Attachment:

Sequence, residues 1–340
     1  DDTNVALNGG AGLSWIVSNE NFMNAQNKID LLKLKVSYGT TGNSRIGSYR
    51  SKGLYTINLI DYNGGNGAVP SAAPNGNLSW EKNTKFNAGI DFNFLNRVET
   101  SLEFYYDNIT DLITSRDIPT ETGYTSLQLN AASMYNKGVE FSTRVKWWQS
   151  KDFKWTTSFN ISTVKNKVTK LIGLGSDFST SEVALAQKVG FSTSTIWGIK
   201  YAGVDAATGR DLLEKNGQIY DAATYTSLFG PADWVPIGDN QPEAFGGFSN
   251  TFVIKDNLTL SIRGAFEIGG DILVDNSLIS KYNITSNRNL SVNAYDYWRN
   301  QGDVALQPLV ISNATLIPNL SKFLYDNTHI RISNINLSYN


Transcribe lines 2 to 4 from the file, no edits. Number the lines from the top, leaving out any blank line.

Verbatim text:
     1  DDTNVALNGG AGLSWIVSNE NFMNAQNKID LLKLKVSYGT TGNSRIGSYR
    51  SKGLYTINLI DYNGGNGAVP SAAPNGNLSW EKNTKFNAGI DFNFLNRVET
   101  SLEFYYDNIT DLITSRDIPT ETGYTSLQLN AASMYNKGVE FSTRVKWWQS